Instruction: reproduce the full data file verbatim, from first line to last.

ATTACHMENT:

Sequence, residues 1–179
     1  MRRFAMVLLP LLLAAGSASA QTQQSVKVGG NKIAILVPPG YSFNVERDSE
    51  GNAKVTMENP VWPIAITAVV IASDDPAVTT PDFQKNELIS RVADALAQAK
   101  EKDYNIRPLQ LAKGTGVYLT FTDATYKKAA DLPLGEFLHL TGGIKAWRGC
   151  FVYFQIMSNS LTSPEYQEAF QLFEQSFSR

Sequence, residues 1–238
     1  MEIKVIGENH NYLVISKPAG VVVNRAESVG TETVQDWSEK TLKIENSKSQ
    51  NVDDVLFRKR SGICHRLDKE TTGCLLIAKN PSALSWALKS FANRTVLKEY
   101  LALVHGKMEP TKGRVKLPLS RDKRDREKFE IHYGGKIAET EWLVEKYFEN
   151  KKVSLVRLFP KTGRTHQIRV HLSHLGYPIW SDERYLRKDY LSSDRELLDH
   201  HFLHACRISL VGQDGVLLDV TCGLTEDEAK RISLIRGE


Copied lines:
Sequence, residues 1–179
     1  MRRFAMVLLP LLLAAGSASA QTQQSVKVGG NKIAILVPPG YSFNVERDSE
    51  GNAKVTMENP VWPIAITAVV IASDDPAVTT PDFQKNELIS RVADALAQAK
   101  EKDYNIRPLQ LAKGTGVYLT FTDATYKKAA DLPLGEFLHL TGGIKAWRGC
   151  FVYFQIMSNS LTSPEYQEAF QLFEQSFSR

Sequence, residues 1–238
     1  MEIKVIGENH NYLVISKPAG VVVNRAESVG TETVQDWSEK TLKIENSKSQ
    51  NVDDVLFRKR SGICHRLDKE TTGCLLIAKN PSALSWALKS FANRTVLKEY
   101  LALVHGKMEP TKGRVKLPLS RDKRDREKFE IHYGGKIAET EWLVEKYFEN
   151  KKVSLVRLFP KTGRTHQIRV HLSHLGYPIW SDERYLRKDY LSSDRELLDH
   201  HFLHACRISL VGQDGVLLDV TCGLTEDEAK RISLIRGE